Radar researcher combines radar images to track subsidence
Radar expert has developed a program that combines satellite images to show subsurface movement which can pose a threat to buildings
A Chinese University researcher has found a way to combine snapshots taken from space at different times to show movement under the earth's surface, such as subsidence.
Now Daniele Perissin is in talks with the Hong Kong government about applying his research, which last week won a best-paper award from the scientific journal in which it was published last year.
It was just the latest award for his research, which was also recognised by European and Chinese remote-sensing bodies in July.
"The government will find it useful to detect even small movements of land, because they can analyse the cause," said the 35-year-old assistant professor at the Institute of Space and Earth Information Science at Chinese University. "Is it natural disasters like earthquakes, flooding or landslides? Or human activity like illegal dumping?"
Perissin's software makes use of a monitoring technique called interferometric synthetic aperture radar (INSAR). The program works by combining satellite radar images of the same place taken at different times.
It generates rainbow-coloured interference patterns or interferograms, in which the arrangement of coloured bands shows the direction and extent of any ground deformation. The researcher said his software was so accurate that even movements of a few millimetres can be detected from satellite data. Users can also go back in time to see how a particular area looked before.
He is working on finding the best way to combine his software with other techniques for monitoring subsidence, such as ground surveys, optical data, and ground-based radars traditionally used to ensure that construction projects are safe.
Perissin said the government had shown interest in his software, which complemented satellite observation. Hong Kong's terrain and building density made studying its surface a very challenging task, he said. But such a study was vital to ensure the stability of the city's many reclaimed areas.
The extent to which newly reclaimed land settles, and the thermal expansion of buildings, can be easily and accurately detected with Perissin's software.
A paper published last year by Perissin's colleague, Dr Chen Fulong, found no large-scale subsidence in the greater Pearl River Delta region - comprising Hong Kong, Macau and nine municipalities in Guangdong province.
"I've also shown that it is possible to detect man-made structures that are slowly moving," Perissin said, rendering it a powerful tool for the government to monitor activities like illegal dumping.
Perissin's research paper, "Time series INSAR applications over urban areas in China" was published in the IEEE Journal of Selected Topics in Applied Earth Observations and Remote Sensing.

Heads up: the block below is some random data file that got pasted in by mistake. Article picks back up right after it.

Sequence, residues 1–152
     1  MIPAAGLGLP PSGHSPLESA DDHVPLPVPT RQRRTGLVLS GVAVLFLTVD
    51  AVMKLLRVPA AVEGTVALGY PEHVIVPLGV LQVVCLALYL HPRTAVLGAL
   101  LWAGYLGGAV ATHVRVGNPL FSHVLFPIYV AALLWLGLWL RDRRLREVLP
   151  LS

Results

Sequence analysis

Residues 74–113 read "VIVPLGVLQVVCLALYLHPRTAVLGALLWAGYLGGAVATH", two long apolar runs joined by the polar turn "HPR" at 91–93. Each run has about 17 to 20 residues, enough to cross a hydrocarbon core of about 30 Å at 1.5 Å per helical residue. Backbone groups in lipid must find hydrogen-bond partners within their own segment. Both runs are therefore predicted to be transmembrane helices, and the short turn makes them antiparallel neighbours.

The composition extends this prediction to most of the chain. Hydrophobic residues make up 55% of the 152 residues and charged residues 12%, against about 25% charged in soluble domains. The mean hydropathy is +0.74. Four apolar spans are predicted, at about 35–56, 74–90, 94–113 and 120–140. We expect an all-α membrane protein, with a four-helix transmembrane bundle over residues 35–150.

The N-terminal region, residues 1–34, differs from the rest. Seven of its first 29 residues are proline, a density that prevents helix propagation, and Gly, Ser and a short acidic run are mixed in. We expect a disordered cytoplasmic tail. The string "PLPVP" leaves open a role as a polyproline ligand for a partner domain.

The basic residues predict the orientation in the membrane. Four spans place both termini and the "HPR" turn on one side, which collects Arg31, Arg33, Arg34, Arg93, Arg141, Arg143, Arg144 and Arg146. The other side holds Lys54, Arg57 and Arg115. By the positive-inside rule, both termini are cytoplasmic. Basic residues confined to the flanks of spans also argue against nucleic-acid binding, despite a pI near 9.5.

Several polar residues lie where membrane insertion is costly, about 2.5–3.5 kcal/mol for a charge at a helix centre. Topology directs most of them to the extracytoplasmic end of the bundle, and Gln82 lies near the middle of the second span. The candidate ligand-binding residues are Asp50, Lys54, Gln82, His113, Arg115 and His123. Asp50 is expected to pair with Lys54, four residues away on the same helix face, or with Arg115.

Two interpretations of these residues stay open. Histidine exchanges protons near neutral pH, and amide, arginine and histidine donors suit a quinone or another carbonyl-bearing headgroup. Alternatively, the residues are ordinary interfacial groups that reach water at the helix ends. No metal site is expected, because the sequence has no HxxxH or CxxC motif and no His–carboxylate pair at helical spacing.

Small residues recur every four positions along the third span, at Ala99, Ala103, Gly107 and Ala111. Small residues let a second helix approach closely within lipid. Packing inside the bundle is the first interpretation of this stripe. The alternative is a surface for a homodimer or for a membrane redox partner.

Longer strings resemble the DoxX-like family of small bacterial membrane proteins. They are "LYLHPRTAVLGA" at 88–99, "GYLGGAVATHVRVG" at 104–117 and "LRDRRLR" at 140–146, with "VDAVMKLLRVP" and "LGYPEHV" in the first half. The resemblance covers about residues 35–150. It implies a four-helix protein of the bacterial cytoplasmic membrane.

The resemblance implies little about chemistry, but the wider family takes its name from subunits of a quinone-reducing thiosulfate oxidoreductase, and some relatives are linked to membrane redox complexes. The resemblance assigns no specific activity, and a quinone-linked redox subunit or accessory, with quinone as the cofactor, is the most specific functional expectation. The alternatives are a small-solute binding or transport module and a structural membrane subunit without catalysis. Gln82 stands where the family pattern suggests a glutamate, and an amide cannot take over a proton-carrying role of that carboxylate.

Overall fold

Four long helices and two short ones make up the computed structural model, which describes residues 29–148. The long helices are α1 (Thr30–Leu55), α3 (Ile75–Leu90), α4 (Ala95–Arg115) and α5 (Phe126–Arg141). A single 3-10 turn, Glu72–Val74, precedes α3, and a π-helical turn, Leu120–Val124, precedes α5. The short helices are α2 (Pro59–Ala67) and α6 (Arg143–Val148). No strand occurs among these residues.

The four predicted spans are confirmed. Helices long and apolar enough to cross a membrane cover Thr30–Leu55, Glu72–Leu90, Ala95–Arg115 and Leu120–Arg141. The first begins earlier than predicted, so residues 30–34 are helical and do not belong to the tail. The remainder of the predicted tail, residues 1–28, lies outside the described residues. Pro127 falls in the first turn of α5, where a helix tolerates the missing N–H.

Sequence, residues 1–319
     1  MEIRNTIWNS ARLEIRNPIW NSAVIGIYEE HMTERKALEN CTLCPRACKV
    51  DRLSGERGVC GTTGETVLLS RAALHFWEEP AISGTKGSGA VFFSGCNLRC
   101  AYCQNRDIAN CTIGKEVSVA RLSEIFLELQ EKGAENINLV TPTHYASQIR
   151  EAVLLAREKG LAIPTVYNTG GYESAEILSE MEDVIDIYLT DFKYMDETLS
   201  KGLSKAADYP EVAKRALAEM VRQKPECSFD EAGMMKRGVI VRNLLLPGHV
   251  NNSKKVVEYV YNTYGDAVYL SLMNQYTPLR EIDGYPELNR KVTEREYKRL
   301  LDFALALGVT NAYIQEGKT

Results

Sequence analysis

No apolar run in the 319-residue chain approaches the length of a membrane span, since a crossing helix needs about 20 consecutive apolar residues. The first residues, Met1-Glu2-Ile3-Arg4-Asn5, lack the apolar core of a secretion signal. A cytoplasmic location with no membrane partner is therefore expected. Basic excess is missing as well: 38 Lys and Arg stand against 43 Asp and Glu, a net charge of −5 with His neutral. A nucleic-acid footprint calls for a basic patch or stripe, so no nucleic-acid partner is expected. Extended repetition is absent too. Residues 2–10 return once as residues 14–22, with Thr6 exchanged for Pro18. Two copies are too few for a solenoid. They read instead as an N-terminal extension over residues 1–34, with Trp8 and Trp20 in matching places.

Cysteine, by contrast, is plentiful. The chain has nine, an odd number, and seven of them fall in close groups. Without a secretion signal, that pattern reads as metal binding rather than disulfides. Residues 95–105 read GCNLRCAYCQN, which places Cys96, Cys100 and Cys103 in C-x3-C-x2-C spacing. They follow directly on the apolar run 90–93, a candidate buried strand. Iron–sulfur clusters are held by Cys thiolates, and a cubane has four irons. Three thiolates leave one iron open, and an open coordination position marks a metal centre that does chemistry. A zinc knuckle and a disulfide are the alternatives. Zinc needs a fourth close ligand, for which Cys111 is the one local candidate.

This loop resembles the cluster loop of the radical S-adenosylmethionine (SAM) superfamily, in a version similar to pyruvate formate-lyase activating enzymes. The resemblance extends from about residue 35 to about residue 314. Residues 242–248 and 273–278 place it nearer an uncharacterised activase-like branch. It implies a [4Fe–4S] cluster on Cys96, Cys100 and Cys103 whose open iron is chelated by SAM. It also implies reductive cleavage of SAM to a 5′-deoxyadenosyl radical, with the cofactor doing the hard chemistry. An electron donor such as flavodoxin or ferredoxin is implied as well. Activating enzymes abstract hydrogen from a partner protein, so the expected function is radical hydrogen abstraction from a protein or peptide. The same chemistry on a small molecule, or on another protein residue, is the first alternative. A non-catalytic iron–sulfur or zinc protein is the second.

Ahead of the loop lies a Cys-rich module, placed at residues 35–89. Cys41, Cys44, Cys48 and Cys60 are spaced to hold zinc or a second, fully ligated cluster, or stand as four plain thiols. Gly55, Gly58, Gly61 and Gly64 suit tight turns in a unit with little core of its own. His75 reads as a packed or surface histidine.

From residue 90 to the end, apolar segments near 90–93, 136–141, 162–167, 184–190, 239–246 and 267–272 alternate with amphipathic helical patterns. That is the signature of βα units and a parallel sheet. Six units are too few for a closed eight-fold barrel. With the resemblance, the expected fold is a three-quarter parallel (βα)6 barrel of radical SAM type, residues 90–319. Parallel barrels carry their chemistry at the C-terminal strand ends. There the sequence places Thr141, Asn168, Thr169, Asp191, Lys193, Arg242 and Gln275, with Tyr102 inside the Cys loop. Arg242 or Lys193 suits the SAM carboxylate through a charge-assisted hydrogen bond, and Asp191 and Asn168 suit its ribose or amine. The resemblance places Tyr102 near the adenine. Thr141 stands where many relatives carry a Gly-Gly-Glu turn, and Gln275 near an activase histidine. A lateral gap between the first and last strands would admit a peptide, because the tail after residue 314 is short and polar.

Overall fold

In the paper, Perissin and his research student analysed thousands of satellite images of China. "The more images analysed, the better the quality," he said.
Since different sensors operated at different times, they used different satellites to put together composite images.
Some of the data came from European satellites like the ERS system, which came online in 1992, and the Envisat system, which has been transmitting since 2002.
But recently, the researchers have relied on data from more advanced, higher-resolution European satellites. Examples include the German Terrasar-X and the Italian Cosmo Skymed, which are used for both civil and military purposes.
"Almost all cities in China are affected by subsidence due to urbanisation, water extraction, and also the economic interests and immorality of some construction companies," Perissin said.
"That's also why my paper got awards - because I detected a lot of subsiding centres."
Shanghai and Tianjin are cities that are slowly settling. The slopes around the water reservoir of the Three Gorges Dam also showed the same trend, he said.
"If the terrain is made of materials like soft clay, and you construct a substantial building on it, it will sink, causing possible dangers. Furthermore, if you build a structure on a slope without having a deep foundation, it may slip," Perissin said.
"If groundwater is extracted - for instance, for irrigation, drinking or industry - the underground pressure will change. This may lead to compaction of the soil or surface deformation or whatnot, causing subsidence," he said. "The same thing happens if anything is excavated from underground."
Monitoring such surface movements is important for safety, so water extraction, excavations, and infrastructure planning should be regulated, Perissin said.
INSAR can also be used to study volcanoes, showing them "breathing" as surface rock is pushed from below by rising magma.
The technique is particularly useful for tropical volcanoes, where cloud cover can obscure visual observations, because the radar beam can see through clouds.
As a result, many volcanoes previously thought to be dormant are now known to be showing signs of unrest.
INSAR used to be a European speciality, though now several Asian countries were catching up, Perissin said. "More and more people are doing it now. It's a growing field," he said.
While INSAR has enormous potential, it is still a new technique that relies on frequent observations and long-duration space missions.
A series of satellites called Sentinel, which the European Space Agency plans to launch next year, is expected to provide the data for serious volcano modelling.